E-mail is not new. It’s been around for over 30 years. What is interesting is that it has not changed fundamentally since it was first used. It was designed as a messaging systems for short clear concise messages. What has changed is its accessibility and availability.
Maybe because it’s ‘always on and in your face’, we now use it for everything from a casual remark which in the old days would have been whispered at the photocopier, but is now broadcast to the whole organisation and sometimes the world outside, to a formal communication which really ought to be a document.
Little wonder many companies have had their five minutes of fame as the star of an e-mail disaster, whether for an indiscrete e-mail or because they are unable to find the relevant e-mails. Some would say that archiving, EDM and content management systems are the solution. However, systems alone will not prevent this happening, at least not so long as there is a human being who is some part of the system and process.
All too often we spend 80 per cent of our time on the technology with little regard for the human being at the end of the chain – the user who is made all the more frail and susceptible to errors through stress. Cutting corners on training is a recipe for disaster.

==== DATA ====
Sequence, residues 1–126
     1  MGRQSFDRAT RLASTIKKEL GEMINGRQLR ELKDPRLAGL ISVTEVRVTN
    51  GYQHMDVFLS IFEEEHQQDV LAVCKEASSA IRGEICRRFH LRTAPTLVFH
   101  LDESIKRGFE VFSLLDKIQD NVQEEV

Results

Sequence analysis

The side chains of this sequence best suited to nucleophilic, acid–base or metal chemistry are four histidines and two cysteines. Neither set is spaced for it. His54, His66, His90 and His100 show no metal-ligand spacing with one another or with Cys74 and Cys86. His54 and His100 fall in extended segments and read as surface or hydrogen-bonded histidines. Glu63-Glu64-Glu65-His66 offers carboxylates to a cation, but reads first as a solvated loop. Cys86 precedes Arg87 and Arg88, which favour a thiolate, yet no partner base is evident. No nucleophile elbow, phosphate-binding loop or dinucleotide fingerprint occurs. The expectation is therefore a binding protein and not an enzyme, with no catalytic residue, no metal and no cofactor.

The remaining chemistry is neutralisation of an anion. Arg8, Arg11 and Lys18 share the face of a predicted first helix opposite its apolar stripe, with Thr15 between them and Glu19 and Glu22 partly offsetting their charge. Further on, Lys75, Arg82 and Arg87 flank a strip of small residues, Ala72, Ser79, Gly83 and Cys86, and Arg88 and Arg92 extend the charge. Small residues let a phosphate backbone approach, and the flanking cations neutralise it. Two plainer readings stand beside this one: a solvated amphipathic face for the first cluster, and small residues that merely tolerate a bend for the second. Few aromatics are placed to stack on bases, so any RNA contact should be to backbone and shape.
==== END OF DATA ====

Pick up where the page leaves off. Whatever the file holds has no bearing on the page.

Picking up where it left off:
Yes, we need MoReq2 and many organisations need robust EDM systems (although some who are privately owned would also deny the need they still like to keep everything very close to their chest). Nonetheless, underlying these is the urgent need to address one of the main causes of the problem and hence why all this unstructured data has become so unmanageable – e-mail.
Save 45 minutes a day
Users trained in e-mail best practice can save up to 45 minutes and day and reduce the e-mail stress. This has to be good news for the organisation and its individual employees from several perspectives and not least in terms of greater efficiency, reduced risk of a breach of security and improved compliance and corporate governance.
A typical e-mail best practice training and education programme includes effective personal e-mail management techniques, how to communicate clearly and effectively through e-mail and the legal aspects of e-mail. This means clear guidelines on what to retain, where and for how long.
This is about changing behaviours which doesn’t happen overnight. Only when we address the human aspect of using electronic communications can organisations ever hope to implement successful knowledge management programmes.
Dr Monica Seeley, founder of Mesmo Consultancy, is one of
On July 9 she will facilitate Ark Group’s ‘Streamlining e-mail management’ masterclass. For more information visit www.ark-group.com/mp_introduction.asp?ac=445&nc=1&fc=167.